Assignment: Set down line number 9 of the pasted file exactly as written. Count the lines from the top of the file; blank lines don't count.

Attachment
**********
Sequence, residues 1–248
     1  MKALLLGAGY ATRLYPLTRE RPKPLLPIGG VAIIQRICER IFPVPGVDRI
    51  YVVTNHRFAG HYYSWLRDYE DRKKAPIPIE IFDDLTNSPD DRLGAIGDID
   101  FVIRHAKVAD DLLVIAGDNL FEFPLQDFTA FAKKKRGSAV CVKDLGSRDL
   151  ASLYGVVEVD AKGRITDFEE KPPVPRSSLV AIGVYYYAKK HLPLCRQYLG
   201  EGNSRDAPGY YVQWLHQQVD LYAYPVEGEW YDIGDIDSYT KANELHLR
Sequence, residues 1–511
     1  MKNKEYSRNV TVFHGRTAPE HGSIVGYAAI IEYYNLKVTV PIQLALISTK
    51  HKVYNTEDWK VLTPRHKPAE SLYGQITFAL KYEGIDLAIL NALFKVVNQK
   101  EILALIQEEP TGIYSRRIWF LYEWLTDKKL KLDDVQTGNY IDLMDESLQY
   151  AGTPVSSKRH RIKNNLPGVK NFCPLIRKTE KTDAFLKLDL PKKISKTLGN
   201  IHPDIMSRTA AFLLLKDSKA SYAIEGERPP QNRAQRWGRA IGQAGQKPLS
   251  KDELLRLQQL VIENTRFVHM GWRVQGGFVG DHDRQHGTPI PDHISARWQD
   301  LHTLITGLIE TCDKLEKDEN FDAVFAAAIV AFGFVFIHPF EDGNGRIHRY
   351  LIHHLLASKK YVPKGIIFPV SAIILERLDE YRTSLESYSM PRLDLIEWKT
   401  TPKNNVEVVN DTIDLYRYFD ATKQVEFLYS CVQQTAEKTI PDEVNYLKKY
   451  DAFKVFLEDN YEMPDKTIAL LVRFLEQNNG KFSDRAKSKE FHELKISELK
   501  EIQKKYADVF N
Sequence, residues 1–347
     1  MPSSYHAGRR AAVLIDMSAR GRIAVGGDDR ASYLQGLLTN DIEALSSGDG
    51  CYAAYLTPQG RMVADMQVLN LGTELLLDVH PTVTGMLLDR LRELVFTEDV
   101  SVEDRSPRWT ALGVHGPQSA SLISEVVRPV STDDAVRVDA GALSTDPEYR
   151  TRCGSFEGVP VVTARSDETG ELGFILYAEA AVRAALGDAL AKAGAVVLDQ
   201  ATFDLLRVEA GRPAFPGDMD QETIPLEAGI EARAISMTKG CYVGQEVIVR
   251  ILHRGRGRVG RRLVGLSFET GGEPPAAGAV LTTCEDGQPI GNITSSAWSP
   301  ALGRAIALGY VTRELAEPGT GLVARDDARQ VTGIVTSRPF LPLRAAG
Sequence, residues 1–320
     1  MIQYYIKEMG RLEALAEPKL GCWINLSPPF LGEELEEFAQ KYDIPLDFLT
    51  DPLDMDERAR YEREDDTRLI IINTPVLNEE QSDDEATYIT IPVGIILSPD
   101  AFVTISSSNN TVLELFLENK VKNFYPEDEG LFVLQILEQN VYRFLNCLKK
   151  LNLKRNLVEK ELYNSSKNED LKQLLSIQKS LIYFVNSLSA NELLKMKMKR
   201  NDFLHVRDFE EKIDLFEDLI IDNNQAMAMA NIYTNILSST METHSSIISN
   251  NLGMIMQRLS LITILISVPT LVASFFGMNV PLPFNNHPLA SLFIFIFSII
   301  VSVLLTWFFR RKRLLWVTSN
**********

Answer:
    51  HKVYNTEDWK VLTPRHKPAE SLYGQITFAL KYEGIDLAIL NALFKVVNQK